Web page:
Listen up friends. My Marine Life professor showed our class this article today in class–it reviews and adds to the study that I talked about in the post before last (http://www.plosone.org/article/info%3Adoi%2F10.1371%2Fjournal.pone.0012576#abstract0). This article was written four months ago by Tim Stephens of the University of California at Santa Cruz, and adds some interesting new perspectives on the discoveries found in the PLOS One study. Microcystis is becoming a bigger and bigger problem: “This study is significant because it is the first to establish a connection between freshwater contamination by microcystin and marine mammal mortality. This land-to-sea link has important implications for marine life and human health,” says Stephens.
The real problem is that this poisonous algae is causing many deaths in sea otters. Co-author Melissa Miller confirms this suspicion, because “in 2007, Miller began seeing dead and dying sea otters…with evidence of acute liver failure.” And what exactly made all of these innocent sea otters living on Monterey die? Their tissue tested positive for microcystin–the deadly gunk.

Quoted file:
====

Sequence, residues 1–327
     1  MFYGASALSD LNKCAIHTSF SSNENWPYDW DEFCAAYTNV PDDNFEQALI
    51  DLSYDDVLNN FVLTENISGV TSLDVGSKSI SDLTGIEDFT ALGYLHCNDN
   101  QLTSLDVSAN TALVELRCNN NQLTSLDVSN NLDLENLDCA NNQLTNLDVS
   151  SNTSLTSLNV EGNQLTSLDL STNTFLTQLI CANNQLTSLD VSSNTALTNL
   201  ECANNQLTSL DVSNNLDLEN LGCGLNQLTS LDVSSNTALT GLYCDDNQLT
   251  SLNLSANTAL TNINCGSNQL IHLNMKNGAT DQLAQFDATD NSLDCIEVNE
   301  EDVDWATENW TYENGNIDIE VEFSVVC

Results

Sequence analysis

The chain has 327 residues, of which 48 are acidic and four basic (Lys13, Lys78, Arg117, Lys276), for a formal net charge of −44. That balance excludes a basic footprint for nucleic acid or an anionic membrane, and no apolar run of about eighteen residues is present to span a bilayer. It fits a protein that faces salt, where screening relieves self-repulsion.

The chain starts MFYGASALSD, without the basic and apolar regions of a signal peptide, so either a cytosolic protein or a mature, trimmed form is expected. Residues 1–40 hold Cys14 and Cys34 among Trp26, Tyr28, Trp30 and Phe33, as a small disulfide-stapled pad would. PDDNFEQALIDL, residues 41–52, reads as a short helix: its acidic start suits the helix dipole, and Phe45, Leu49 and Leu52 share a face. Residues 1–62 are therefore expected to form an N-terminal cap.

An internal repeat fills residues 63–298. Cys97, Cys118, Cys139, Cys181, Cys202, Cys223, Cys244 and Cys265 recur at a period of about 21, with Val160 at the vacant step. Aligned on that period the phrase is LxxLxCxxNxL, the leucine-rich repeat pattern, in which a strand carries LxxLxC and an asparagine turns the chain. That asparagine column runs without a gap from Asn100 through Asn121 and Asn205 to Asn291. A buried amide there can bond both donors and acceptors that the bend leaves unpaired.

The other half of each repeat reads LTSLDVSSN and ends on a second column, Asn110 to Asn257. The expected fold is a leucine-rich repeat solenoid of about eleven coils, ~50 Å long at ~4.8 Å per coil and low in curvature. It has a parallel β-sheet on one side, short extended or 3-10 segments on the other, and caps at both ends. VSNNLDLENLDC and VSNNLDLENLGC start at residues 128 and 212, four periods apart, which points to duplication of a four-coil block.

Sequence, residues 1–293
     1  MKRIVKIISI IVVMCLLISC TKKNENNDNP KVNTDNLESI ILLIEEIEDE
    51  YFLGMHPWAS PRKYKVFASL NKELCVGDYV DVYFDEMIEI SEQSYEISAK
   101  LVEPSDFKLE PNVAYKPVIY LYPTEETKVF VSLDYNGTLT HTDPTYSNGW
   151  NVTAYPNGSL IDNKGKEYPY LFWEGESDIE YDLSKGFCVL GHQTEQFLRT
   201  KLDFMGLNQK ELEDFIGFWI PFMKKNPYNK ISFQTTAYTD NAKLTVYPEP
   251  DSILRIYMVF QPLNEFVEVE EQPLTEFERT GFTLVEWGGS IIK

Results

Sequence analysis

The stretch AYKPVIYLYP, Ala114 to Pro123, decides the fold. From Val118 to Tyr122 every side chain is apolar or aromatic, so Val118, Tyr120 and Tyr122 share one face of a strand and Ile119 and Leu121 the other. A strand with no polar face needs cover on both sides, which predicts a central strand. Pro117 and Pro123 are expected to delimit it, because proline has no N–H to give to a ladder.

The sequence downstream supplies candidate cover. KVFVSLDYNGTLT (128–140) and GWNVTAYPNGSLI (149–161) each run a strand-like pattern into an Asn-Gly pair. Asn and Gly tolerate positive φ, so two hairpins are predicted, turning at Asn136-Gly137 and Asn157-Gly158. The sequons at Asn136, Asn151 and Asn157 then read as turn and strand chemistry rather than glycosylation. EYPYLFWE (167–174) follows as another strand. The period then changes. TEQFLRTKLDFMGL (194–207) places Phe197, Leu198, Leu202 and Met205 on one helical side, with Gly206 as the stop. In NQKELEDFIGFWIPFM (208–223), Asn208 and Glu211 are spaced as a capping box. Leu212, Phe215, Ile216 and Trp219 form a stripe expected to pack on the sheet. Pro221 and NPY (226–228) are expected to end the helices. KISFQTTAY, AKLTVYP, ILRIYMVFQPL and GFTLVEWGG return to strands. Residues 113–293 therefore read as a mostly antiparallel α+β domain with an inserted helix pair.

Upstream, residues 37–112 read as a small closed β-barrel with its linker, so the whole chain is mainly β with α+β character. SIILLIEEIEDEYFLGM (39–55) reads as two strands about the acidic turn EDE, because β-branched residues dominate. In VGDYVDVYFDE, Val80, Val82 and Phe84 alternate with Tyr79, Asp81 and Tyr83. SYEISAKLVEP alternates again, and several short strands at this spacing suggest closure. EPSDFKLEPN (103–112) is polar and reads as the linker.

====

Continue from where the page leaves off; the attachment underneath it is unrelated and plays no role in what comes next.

The algae has become not just a problem for sea otters, but for small aquatic animals, dogs that drink the runoff water, and humans. It is crucial that we find a way to get rid of the algae and prevent more deaths and illnesses from occurring.
Stephens, Tim. “Sea Otter Deaths Linked to Toxin from Freshwater Bacteria.” - UC Santa Cruz. N.p., 10 Sept. 2010. Web. 06 Nov. 2012. <http://news.ucsc.edu/2010/09/otter-toxin.html>.
Published December 29, 2010.